Future perfect in the past

English grammar questions, answered by Alan

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Alina Cherry
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Future perfect in the past

Post by Alina Cherry » Mon Nov 09, 2020 7:36 pm

Hello! Could you please give me a hand?
While reading an article I stumbled upon one sentence that completely confused me. I thought that any Future Perfect sentence is supposed to refer us to a completed action in the future. But here we have only "only the past few years" which obviously refers to the past instead of future. What does it mean, how can it be possible, which rule have I missed?

Thank you!
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Re: Future perfect in the past

Post by Alan » Wed Nov 11, 2020 2:18 am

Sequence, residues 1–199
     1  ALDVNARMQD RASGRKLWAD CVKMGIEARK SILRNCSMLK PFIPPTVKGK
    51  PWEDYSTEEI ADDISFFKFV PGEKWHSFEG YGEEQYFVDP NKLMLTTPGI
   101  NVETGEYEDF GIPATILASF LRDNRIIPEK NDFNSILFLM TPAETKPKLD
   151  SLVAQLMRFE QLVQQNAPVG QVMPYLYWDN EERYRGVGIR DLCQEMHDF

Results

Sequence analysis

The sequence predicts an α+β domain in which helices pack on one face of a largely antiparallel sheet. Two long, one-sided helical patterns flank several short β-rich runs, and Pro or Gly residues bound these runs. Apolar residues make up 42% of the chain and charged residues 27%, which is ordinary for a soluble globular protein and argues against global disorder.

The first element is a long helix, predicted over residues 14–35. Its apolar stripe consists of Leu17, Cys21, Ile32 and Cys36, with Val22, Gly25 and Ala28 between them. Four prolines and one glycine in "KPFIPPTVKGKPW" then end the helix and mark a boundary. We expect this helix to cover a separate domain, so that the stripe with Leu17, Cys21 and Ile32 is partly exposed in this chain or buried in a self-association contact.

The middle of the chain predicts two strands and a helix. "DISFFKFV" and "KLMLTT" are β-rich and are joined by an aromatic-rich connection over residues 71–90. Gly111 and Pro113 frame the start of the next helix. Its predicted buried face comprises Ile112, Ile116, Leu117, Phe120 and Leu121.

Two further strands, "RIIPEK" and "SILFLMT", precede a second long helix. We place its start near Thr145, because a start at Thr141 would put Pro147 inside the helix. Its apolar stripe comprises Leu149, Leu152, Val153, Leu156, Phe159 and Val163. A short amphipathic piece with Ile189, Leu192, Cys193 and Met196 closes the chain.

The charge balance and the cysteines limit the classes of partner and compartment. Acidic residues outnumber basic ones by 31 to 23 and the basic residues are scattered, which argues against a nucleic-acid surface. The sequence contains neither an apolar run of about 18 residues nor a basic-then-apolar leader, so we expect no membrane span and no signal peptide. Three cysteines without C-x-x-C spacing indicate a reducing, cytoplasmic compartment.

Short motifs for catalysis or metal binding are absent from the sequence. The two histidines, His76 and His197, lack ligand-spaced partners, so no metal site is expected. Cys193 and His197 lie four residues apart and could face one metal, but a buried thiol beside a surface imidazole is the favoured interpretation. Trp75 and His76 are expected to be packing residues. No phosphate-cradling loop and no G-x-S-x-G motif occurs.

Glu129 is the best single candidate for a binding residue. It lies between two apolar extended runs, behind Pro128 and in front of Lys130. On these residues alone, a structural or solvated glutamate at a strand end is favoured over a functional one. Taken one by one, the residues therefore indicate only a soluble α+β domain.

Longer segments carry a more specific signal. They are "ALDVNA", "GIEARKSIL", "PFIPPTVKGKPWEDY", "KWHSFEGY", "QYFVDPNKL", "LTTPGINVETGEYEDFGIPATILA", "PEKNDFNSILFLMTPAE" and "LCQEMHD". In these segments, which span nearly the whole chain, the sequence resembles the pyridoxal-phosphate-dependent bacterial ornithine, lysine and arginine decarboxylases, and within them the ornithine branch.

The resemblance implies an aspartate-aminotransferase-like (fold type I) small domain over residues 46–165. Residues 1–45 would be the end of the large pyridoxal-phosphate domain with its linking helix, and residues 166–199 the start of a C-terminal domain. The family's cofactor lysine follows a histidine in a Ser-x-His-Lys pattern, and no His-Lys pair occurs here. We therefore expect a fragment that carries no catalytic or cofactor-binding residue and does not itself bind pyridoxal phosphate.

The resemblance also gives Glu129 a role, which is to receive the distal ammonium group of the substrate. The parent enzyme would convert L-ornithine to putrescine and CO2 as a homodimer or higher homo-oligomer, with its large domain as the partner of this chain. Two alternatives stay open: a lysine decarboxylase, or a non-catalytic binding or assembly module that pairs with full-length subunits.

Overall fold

Your confusion is understandable, but you need to bear in mind that 'future perfect' is simply a convenient LABEL for this type of verb phrase and does not mean that its uses are limited entirely to the future.

'Will' is a modal verb that originally denoted a willingness or a tendency to act in a certain way (a sense preserved is such expressions as 'If you WILL just sign here....' [= if you are willing to ...] or 'Pigs WILL eat anything' [= tend to...]).

From this older sense of tendency derived a sense of probability (and, ultimately, the predictive future sense that we now mainly associate with 'will') , and it is this meaning that is denoted by such as expressions as 'You will have noticed', which therefore means simply 'It is probable that you noticed...'.